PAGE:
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Home: Perl Programming Help: Beginner:
Issue with Array Initialization?

 



EverGreen1
New User

Aug 12, 2016, 10:30 AM

Post #1 of 6 (2678 views)
Issue with Array Initialization? Can't Post

I'm new to perl with previous experience using c++, c, Matlab, VBA, and some others I don't use often. I'm trying to write a program that simulates information coming from an AC measuring device but I can't seem to get the syntax for an array correct.

It says there's a syntax error at line 13.
@CurrentWave[$inc] = $Wave;

Thank you for any and all help.

Code:



Code
#!/usr/bin/perl -w 
#############################################
# Generating a Sine Wave
#############################################
use strict;
{
#Set entries of the command line to the following set.
my ($Amplitude, $Frequency, $Phase) = @ARGV;
my $inc = 0;
my @CurrentWave;
for (my $Time = 0.000; $Time <1.000; $Time = $Time + 0.001){
#Define the Current waveform from CT.
my $Wave = $Amplitude * sin((2 * 3.14159 * $Frequency * $Time) + $Phase);
@CurrentWave[$inc] = $Wave;
$inc = $inc + 1;
print @CurrentWave($inc);
}
#Define the RMS
my $RMSCurrent = $Amplitude/(sqrt(2));
}



BillKSmith
Veteran

Aug 12, 2016, 1:24 PM

Post #2 of 6 (2672 views)
Re: [EverGreen1] Issue with Array Initialization? [In reply to] Can't Post

You have three problems.

In your code, you have ($inc) rather than [$inc].

You increment $inc before the print.

You must add a newline to your print.


Code
    $CurrentWave[$inc] = $Wave; 
print $CurrentWave[$inc], "\n";
$inc = $inc + 1;
}

Good Luck,
Bill

(This post was edited by FishMonger on Aug 12, 2016, 1:24 PM)


FishMonger
Veteran / Moderator

Aug 12, 2016, 1:27 PM

Post #3 of 6 (2669 views)
Re: [BillKSmith] Issue with Array Initialization? [In reply to] Can't Post


Quote
You have three problems.

I'd say four problems. The fourth one being the incorrect/inconsistent code formatting/indentation.


(This post was edited by FishMonger on Aug 12, 2016, 1:28 PM)


EverGreen1
New User

Aug 12, 2016, 2:10 PM

Post #4 of 6 (2663 views)
Re: [BillKSmith] Issue with Array Initialization? [In reply to] Can't Post

Thanks to the both of you for your answers.

After thinking about it, I realized I was trying to assign scalar values to a set variable. If I tell perl that @CurrentWave is a variable I don't have to do it again in the loop; I can treat it as a scalar, not a set/vector.

Thanks.


Code
#!/usr/bin/perl -w 
##############################################################################
# Generating a Sine Wave
##############################################################################
use strict;
{
#Set entries of the command line to the following set.
my ($Amplitude, $Frequency, $Phase) = @ARGV;
my $inc = 0;
my @CurrentWave;
unless(defined $Amplitude){ # If there's nothing typed in the terminal line.
$Amplitude = 120; # Set the alarm priority to 10. this will cover all priorities.
}
unless(defined $Frequency){ # If there's nothing typed in the terminal line.
$Frequency = 60; # Set the alarm priority to 10. this will cover all priorities.
}
unless(defined $Phase){ # If there's nothing typed in the terminal line.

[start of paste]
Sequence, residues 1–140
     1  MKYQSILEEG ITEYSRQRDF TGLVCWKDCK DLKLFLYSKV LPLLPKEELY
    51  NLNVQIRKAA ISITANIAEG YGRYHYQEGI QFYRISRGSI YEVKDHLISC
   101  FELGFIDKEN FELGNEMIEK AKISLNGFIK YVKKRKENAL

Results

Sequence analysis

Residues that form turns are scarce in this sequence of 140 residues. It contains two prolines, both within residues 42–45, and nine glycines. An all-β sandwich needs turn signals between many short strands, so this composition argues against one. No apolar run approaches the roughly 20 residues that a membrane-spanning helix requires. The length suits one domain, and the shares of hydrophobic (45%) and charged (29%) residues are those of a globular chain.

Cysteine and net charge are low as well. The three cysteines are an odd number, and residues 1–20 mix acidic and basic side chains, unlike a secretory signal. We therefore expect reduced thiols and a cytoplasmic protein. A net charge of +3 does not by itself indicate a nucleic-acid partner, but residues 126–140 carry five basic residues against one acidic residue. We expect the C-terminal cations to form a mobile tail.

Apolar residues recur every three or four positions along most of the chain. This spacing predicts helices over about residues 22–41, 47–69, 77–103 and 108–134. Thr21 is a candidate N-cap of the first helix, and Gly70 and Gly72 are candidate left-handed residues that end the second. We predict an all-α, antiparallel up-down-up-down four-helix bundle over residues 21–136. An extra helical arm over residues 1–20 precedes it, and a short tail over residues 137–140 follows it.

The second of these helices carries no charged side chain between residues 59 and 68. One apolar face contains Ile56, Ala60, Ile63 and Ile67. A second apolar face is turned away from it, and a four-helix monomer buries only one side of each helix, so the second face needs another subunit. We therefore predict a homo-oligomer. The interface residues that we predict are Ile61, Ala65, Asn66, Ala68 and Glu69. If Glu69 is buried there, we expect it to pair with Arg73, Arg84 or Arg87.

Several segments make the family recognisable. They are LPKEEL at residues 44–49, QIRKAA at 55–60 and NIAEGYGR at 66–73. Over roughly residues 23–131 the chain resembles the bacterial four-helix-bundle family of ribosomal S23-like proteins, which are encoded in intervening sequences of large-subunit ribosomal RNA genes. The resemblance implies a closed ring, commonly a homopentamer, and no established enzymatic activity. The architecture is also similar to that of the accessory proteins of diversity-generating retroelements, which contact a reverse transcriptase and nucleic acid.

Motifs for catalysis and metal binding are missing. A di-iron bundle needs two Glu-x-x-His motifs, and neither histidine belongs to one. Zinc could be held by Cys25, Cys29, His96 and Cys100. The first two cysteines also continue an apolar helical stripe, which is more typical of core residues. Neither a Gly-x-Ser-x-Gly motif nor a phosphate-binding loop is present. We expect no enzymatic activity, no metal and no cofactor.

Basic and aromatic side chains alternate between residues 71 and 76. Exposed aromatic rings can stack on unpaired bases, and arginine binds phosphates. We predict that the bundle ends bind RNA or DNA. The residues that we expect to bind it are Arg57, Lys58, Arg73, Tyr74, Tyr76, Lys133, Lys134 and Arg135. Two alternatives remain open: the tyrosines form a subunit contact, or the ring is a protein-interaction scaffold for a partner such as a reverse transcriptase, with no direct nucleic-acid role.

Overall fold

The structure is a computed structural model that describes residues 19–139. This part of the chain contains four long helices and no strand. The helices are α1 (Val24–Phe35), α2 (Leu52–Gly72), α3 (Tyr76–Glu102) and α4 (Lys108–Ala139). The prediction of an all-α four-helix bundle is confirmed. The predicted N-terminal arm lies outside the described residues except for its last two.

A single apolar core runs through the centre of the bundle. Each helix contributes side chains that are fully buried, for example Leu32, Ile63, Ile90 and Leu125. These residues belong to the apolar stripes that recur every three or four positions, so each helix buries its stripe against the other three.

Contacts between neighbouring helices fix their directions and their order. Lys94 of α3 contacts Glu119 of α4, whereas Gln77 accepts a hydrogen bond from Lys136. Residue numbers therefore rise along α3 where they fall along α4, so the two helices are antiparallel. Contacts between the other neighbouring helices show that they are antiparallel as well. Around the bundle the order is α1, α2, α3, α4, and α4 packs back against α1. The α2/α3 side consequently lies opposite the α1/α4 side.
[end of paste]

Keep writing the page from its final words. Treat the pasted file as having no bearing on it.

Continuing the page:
$Phase = 0; # Set the alarm priority to 10. this will cover all priorities.
}
for (my $Time = 0.000; $Time <1.000; $Time = $Time + 0.001){
#Define the Current waveform from CT.
my $Wave = $Amplitude * sin((2 * 3.14159 * $Frequency * $Time) + $Phase);
$CurrentWave[$inc] = $Wave;
print $CurrentWave[$inc], "\n";
$inc = $inc + 1;
}
#Define the RMS
my $RMSCurrent = $Amplitude/(sqrt(2));
}



BillKSmith
Veteran

Aug 13, 2016, 7:37 AM

Post #5 of 6 (2639 views)
Re: [EverGreen1] Issue with Array Initialization? [In reply to] Can't Post

The array @CurrentWave is not needed at all. You could print $Wave. The outermost set of braces is not needed.

Your new code is much better, but the style is still more "c" than perl. The following code assumes that you do need @CurrentWave for later processing.


Code
use strict; 
use warnings;
use English;
use Math::Trig ':pi';

my ($Amplitude, $Frequency, $Phase) = @ARGV;
$Amplitude //= 120; # Volts
$Frequency //= 60; # hz
$Phase //= 0; # radians
my $w = 2 * pi * $Frequency; # Angular rate (radians/sec)
my $RMSCurrent = $Amplitude / sqrt(2);

my @CurrentWave
= map {
my $Time = $_/1000;
$Amplitude * sin($w * $Time + $Phase)
} (0..999);

do{
local $LIST_SEPARATOR = "\n";
print "@CurrentWave\n"
};


Note the use of the module to get the constant "pi". It is both clearer and more accurate than your litteral. I could have saved the multiply by two if I had imported pi2 instead, but I prefer it this way.

The assignment version of the "defined or" operator handles the arguments exactly the way you intend. For production code, it would be even better to use one of the Getopt modules.

The function 'map' builds the array. it handles all the iteration and storage details.

The special variable $LIST_SEPARATOR ($") allows us to print the entire array with one statement. The do and local are not really needed. They are used here to restrict the scope of $LIST_SEPARATOR to that print statement.
Good Luck,
Bill


EverGreen1
New User

Aug 22, 2016, 10:54 AM

Post #6 of 6 (2519 views)
Re: [BillKSmith] Issue with Array Initialization? [In reply to] Can't Post

Thank you for your reply. This is much clearer.

 
 


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